If you understand the basics of drum soloing, you may wish to implement the technique into your playing. Be warned that drum soloing will not fit every song, so if you were expecting to pound out solos through every track, then you should rethink your plans.
Drum soloing within the context of a song is much different than creating a drum solo for performance. When drum soling in a performance you the drummer are the only voice being heard.
In the context of a song there are two other main instruments which you will have to take into consideration; the bass guitar and the electric guitar. I left out vocals because primarily a singer will not be belting out a note in the midst of a drum solo, even in the context of a song.
Drum solos in songs will primarily take place during a break. Usually you will have a few chords, creating a basic progression, and you will have space for possibly up to a full minute to solo.
Keep this in mind, as drum solos in songs are typically short, sweet, and to the point. If you know you are a drummer who likes to drag out your glory, then take some time to better discipline yourself before attempting to write a drum solo for a song.
To write a drum solo that fits perfectly over the structure of a song, it is important that you are familiar with voices. You need to know not only the voices of your own instrument, but those of the electric guitar and bass guitar as well.
Not all notes go together, so if your guitar and bass player are playing in G Major and you are using an absurdly high pitched tom-tom, you will create dissonance, which in most listener’s ears sounds displeasing and unattractive.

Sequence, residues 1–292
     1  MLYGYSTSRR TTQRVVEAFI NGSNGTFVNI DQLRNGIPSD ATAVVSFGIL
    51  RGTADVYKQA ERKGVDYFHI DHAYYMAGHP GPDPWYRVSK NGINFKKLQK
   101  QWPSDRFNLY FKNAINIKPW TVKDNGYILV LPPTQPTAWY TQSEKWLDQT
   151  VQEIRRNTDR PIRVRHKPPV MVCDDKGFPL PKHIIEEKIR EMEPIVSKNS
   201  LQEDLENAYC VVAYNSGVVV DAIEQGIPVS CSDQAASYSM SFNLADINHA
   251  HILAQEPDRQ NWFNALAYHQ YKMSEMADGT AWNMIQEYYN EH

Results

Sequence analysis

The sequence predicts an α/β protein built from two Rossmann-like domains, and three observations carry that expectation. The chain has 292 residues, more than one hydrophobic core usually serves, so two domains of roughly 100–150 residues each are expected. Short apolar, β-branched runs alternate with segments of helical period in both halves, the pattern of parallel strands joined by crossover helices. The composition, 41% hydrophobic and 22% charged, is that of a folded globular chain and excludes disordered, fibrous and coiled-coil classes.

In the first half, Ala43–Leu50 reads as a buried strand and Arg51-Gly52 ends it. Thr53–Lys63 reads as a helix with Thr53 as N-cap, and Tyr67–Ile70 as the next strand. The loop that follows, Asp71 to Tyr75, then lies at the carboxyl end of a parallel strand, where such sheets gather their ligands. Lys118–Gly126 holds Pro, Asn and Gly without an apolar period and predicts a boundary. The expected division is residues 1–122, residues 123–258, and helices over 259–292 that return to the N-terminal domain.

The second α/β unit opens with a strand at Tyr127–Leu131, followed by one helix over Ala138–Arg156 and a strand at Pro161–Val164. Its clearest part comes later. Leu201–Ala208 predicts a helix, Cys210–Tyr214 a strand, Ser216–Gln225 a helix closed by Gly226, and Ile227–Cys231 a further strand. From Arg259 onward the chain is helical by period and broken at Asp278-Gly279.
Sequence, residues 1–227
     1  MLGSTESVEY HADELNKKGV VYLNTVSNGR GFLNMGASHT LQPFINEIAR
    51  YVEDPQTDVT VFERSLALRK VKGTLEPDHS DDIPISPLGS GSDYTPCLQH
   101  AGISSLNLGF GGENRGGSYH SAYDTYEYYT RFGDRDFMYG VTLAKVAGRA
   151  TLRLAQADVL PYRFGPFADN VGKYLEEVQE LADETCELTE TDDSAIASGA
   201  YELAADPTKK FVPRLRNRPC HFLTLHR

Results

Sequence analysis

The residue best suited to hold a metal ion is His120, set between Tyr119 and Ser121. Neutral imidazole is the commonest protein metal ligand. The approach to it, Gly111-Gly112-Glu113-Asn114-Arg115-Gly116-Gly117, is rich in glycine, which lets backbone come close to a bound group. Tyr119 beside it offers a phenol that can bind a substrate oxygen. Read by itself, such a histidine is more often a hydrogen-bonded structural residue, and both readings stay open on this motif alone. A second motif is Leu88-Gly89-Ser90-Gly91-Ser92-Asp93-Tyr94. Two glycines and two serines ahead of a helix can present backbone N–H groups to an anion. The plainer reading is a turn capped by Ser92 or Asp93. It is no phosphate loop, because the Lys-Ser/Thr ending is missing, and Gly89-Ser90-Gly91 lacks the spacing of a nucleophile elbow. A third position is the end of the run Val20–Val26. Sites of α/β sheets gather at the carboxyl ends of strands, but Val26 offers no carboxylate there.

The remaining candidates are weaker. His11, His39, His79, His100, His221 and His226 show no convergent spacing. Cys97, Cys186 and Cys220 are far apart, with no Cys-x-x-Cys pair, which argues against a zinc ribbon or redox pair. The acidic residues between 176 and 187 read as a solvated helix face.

Extravagance is great, but being overly flashy within the context of a song can come to haunt you. Use different drumming rudiments to get your point across, avoiding lifting the tempo of the song too greatly. You want to play to enhance the song, not turn it into your spring board.
Unlike most drum solos, drum solos within a song’s structure should not involve much improvisation. It is best that you notate what you are going to play and give yourself a basic outline to follow. This will help you to stay on track and not get carried away or lost in the heat of the moment.
Try to keep your drum solo within the boundaries of the song. Although it is natural to feel the urge to speed things up, if you perform a 200bmp drum solo in the middle of a ballad, then you are doing the music a disservice.
As always, the best way to create a drum solo is to practice. The best way to create one that fits your specific song is to try out different ideas. Ask your band mates for their honest opinions, as this will let you know if you are going overboard with your solo or not. As we always say; be creative, work hard, and have fun!
Get personalized lesson plans and in-depth reviews of your playing at Drumeo! Yes… a real life teacher from Drumeo will view your recording and will give you feedback about your playing. It is the easiest and most affordable way to help you reach your goals in no-time.